Recently I have begun to work with the Starfish Foundation, a local non-profit helping refugees on the island, using my skills as a writer to help with outreach. Today I share with the FAR community a blog I wrote to contextualize the desperation of the situation the refugees find themselves in.

Think about it. Before you go out walking in town or countryside, you put on a pair of clean socks and then a pair of athletic shoes or boots. Your socks, which you take for granted—except when they get wet—protect your feet from blisters, callouses, and foot infections. Now imagine yourself as a refugee or migrant who has come across the wine dark sea, fleeing war. Your socks and shoes are soaking wet when you arrive. If you are lucky you will be given new shoes and socks, but then what happens?

You are taken to a refugee camp to wait for your asylum papers to be processed. While you are waiting, and it could be months or even a year, what happens to your socks? For sure they will get dirty, for you often have to walk on muddy and even sewerage infected paths in the camp. The toilets are filthy and when you have to use them, you try not to step in the muck, but sometimes you do.

You keep on wearing your socks, because you do not have a second pair. One day you decide to wash them and on that day blisters appear on your feet and become infected. You have always been a clean person, washing socks and underwear and all sorts of clothing for yourself and your family every day. But now you are facing the unknown, without even a clean pair of socks to put on your feet.  You bind up your wounds and pray that your one pair of socks will not be stolen from the wire fence where you hung them out to dry.

There is an urgent need for socks in the refugee camps of Lesvos where thousands of refugees wait to learn if they will be granted asylum.  It is hard for us who take our socks for granted to understand the difference a pair of clean dry socks could make in the life of a refugee.  A pair of clean dry socks could make all the difference in the world.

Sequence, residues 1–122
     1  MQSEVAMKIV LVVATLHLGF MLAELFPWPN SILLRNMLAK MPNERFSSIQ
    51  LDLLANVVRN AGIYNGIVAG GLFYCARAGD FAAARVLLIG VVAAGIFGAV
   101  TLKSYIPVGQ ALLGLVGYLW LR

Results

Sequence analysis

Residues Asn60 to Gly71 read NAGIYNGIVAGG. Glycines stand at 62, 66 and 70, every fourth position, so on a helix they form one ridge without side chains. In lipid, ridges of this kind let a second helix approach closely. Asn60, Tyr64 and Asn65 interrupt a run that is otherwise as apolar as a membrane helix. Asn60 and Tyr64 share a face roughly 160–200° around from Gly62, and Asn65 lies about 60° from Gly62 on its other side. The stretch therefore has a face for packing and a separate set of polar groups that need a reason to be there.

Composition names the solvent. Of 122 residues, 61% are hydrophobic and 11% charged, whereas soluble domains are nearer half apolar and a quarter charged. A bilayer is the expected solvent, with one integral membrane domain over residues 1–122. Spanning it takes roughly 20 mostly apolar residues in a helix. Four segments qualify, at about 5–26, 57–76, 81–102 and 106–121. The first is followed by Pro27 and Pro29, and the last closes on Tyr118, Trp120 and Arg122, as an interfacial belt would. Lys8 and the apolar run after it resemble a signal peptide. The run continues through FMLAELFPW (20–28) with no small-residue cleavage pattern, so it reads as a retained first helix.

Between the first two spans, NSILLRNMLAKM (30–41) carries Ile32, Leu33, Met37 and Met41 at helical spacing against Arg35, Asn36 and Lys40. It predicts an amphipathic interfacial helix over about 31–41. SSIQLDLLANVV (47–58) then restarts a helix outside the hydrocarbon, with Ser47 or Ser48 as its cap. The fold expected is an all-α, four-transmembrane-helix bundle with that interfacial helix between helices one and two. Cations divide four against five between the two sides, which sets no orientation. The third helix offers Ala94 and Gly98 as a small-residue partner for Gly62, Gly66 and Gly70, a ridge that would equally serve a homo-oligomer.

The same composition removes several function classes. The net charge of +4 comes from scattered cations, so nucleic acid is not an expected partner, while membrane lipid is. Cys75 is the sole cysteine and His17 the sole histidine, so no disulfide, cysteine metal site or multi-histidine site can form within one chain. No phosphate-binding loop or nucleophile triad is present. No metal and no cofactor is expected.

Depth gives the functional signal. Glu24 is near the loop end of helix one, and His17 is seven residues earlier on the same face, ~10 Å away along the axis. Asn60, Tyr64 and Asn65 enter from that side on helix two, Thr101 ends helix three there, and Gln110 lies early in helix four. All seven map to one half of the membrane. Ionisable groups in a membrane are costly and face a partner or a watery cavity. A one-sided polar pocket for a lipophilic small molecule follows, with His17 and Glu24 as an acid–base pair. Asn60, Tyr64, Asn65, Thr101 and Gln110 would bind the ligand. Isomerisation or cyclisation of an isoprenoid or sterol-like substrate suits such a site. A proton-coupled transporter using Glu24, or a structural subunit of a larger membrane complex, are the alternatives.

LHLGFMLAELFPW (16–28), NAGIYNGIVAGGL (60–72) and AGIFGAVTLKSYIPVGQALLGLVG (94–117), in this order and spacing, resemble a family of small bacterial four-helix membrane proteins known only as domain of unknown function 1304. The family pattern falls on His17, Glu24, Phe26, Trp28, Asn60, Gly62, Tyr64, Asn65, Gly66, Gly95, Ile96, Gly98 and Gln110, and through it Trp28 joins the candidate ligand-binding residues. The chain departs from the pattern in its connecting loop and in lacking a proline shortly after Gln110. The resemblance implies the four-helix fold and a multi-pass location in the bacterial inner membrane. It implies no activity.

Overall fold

A plea for 300 pairs of socks for men and women from Euro Relief was one of the first postings on Starfish Foundation’s web page Needs Hub,  established  to connect organizations helping refugees on the island of Lesvos with donors. The request for 300 pairs of socks may soon be answered, but the need for socks in the refugee camps is on-going and immense. And socks are only one of the many things—from baby strollers and wheelchairs to shampoo and toothpaste–that the refugees need. Your gift, whether large or small, really could make all the difference in the world to a vulnerable person who needs your help.

Starfish Foundation is a Greek non-profit organization. Founded at the height of the refugee migration to the Aegean islands, which was called the greatest humanitarian crisis since the Second World War, Starfish Foundation works in co-operation with other organizations dedicated to helping refugees and migrants in the island of Lesbos. Please visit Stafish’s web page Needs Hub to learn what you can do. Donate to Starfish Foundation here.


Carol P. Christ is an internationally known writer and educator living in Molivos, Lesbos, who volunteers with Starfish Foundation to assist with writing and outreach. Carol’s new book written with Judith Plaskow, is  Goddess and God in the World: Conversations in Embodied Theology. FAR Press recently released A Serpentine Path: Mysteries of the Goddess. Join Carol  on the life-transforming Goddess Pilgrimage to Crete. Carol’s photo by Michael Honegger